My High School: An Exposé on Sex, Faith, and Sports…Part 1 of 3.

I attended a private, small, conservative-leaning boarding school. It gave me the incredible gifts of community, an excellent scholarly education, and it jumpstarted my vocation as a theologian. But as an adult I also have a visceral reaction to having lived in this bubble, because now I have other realities to compare my experiences to.

Sex (yay!)

What I was told: Don’t have sex before you’re married. If you have sex, the consequences is that your morality is flawed, you will regret it immensely, and ladies if you get pregnant that is your fault because you should have known better. The Bible and God show that they want you to save sex for marriage.

What I was NOT told: There are people who choose to have sex before marriage. There are people that have had sex or inappropriate touch forced on on them. “Consent” means verbal permission expressed from all parties about to engage in intimacy. There are folks who do not identify as heteresexual- there are lesbian women, gay men, bisexual people, transgender individuals, queer people and the acronym to encompass these terms is LGBTQ, and sometimes an A at the end for “Allies [of LGBTQ people]”. Some people use the term “partner” in reference to their spouse, significant other, or lover because it is a term that is inclusive of non-heterosexual relationships and helps break the assumption of heteronormativity (a term that means that a culture functions on the understanding that an individual assumes the gender that is associated with the sex they were assigned at birth and that they are straight…a man being interested in women and a woman being interested in men). When people want to engage in intercourse, an important piece to consider is sexually transmitted diseases (STDs), so honest communication, openness to getting tested, and using appropriate protection are critical to safety if individuals chose to move forward with sex. An “open” relationship, or “polyamory”, means a couple chooses to give and receive affection, emotional or physical depending on the couple, to individuals who are not a part of the original couple. “Cohabitation” means a couple is living together, that they are usually engaging in sexual activity, and that they are not married (with the possibility of not ever wanting to marry each other). Physical compatibility is one of many important factors when pursuing a long-term relationship: some partners are not sexually satisfied after marrying a virgin because said virgin does not know how to mutually give or receive the vulnerable practice of intimacy, which can lead to fractured relationship dynamics, potential sexual repression or frustration, and awkward realizations of what you need versus what you have (since the marriage or commitment has already been made).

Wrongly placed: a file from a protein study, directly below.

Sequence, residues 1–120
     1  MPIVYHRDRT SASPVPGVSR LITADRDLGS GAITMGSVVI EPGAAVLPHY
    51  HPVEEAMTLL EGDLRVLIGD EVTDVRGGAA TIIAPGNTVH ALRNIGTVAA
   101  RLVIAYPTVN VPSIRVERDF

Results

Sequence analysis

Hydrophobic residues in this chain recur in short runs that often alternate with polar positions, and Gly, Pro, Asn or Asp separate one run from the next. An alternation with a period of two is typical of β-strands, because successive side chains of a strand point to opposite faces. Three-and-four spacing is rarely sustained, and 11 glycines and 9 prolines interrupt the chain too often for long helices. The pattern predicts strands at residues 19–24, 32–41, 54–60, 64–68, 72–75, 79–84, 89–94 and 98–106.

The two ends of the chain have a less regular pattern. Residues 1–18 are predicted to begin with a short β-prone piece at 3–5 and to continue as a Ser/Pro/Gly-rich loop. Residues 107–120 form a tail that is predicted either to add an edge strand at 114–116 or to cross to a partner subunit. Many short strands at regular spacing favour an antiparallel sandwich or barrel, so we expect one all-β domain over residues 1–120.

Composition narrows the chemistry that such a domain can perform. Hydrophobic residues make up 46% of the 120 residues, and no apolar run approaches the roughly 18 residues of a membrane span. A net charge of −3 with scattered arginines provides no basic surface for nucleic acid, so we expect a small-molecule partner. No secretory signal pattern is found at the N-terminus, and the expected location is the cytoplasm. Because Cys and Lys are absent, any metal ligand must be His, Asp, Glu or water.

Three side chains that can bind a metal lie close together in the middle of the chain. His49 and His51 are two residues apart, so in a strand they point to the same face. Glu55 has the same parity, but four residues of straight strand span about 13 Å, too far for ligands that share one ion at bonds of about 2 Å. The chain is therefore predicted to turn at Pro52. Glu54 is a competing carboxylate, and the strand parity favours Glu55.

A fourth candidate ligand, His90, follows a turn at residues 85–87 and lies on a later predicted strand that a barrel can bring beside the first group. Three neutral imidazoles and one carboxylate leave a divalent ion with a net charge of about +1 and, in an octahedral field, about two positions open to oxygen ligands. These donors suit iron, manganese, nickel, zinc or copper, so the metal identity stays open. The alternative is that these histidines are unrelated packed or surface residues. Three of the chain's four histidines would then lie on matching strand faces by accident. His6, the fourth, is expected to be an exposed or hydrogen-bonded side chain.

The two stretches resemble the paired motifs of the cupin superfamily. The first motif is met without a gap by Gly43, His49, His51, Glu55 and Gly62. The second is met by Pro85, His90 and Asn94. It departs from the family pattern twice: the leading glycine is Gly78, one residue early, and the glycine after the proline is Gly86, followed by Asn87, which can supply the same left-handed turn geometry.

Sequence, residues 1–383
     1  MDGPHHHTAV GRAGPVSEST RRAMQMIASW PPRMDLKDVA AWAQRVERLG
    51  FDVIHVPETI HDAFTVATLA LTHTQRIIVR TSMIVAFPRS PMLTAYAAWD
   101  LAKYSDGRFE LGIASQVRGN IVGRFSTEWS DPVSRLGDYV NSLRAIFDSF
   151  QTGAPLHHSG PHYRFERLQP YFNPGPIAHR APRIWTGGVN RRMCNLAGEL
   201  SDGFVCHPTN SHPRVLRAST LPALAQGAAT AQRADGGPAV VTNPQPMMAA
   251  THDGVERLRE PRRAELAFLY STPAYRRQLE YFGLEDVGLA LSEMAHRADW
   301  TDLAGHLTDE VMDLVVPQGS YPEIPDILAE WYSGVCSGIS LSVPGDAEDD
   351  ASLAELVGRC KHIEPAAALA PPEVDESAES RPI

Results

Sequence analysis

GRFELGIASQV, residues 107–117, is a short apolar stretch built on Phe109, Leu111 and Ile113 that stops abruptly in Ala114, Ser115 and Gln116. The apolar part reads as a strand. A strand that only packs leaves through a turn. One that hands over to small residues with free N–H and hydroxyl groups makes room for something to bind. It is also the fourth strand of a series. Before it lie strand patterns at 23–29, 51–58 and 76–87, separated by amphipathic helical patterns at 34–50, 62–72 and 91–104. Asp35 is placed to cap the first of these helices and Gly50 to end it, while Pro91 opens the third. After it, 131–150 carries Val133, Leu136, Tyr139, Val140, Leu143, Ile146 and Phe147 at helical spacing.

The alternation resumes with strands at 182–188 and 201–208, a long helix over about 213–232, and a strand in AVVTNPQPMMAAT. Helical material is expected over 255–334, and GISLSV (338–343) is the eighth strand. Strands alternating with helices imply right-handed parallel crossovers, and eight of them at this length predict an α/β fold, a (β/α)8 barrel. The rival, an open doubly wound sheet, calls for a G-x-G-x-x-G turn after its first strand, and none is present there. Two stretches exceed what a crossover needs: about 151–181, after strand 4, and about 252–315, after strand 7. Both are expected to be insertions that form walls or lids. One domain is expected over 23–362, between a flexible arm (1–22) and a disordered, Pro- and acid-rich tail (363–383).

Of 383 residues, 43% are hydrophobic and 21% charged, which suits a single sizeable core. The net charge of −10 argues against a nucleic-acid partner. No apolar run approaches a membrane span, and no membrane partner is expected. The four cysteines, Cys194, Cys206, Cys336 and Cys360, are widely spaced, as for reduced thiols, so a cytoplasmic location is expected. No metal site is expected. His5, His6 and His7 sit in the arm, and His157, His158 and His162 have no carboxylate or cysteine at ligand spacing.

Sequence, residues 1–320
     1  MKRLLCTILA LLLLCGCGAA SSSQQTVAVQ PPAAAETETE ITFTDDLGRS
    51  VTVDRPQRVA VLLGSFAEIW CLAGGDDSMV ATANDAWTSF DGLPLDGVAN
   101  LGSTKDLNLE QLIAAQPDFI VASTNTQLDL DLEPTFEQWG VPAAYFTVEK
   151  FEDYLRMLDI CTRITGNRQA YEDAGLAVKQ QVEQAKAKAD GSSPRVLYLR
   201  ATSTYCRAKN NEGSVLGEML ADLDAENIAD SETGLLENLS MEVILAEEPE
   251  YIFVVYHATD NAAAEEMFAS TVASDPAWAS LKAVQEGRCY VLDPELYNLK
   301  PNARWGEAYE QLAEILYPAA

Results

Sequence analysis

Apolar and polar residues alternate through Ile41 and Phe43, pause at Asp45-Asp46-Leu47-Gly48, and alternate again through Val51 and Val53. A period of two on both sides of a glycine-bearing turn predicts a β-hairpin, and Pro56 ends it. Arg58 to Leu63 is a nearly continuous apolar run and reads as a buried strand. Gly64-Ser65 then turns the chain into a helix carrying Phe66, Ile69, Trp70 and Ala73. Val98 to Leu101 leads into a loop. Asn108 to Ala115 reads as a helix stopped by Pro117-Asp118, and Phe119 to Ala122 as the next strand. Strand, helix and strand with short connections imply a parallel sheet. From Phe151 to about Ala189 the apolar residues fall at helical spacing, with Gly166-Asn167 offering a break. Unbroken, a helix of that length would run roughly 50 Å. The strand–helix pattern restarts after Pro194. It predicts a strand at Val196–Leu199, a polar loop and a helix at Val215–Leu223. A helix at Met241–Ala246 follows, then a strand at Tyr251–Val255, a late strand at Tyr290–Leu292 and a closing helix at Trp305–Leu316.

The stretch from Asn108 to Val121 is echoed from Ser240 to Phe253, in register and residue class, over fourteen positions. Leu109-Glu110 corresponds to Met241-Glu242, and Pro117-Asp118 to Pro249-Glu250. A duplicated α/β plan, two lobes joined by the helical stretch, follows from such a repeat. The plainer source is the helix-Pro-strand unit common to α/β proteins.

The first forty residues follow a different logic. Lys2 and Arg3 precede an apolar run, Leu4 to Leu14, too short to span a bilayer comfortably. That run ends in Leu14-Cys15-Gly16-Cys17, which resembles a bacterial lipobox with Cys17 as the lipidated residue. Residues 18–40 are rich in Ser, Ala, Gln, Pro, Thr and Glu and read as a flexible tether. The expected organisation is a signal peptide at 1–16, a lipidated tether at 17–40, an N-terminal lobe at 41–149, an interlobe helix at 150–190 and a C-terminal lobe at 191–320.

What now? Engaging in sex is an individual’s choice- do your research and ask tough questions because regardless of what background you’re coming from, sexuality is a piece of you (a God-given piece, I would argue) and what you get to do with it affects not only your safety but also your self-identity and future in relationships. Because my high school ascribed to the mainstream evangelical and non-denominational culture, that affected their perspective. I think they have the right to believe what they do, and even to teach their students what they believe. My problem is that the perspective they taught me was an isolated incident that did not accurately reflect the rest of the world that I would live in after high school- it was MY responsibility to grow up then, but having a warning about the vast difference between expectations and reality would have been appreciated. Not every person we meet will be a Christian. Not every person we meet will hold our same views. So what would have been helpful is if my high school had expressed “These are OUR views that we are imparting to you; it is not the only view out there. We care about you and this (version of) sex education is our way of keeping you safe. Please consult with your parents about what you may see or have questions about in ‘secular’ culture as it relates to sex.”I think that there are absolutely grounds for not choosing to engage in sexual activity until you’re ready (whether that’s marriage or not), but I honestly think that to come to your conclusion, it requires balance of sources (not just the Bible), street smarts, and a lot of self-digging so your actions are in line with your values and not the other way around.

Leave a Reply

Fill in your details below or click an icon to log in:

WordPress.com Logo

You are commenting using your WordPress.com account. Log Out /  Change )

Google+ photo

You are commenting using your Google+ account. Log Out /  Change )

Twitter picture

You are commenting using your Twitter account. Log Out /  Change )

Facebook photo

You are commenting using your Facebook account. Log Out /  Change )

w

Connecting to %s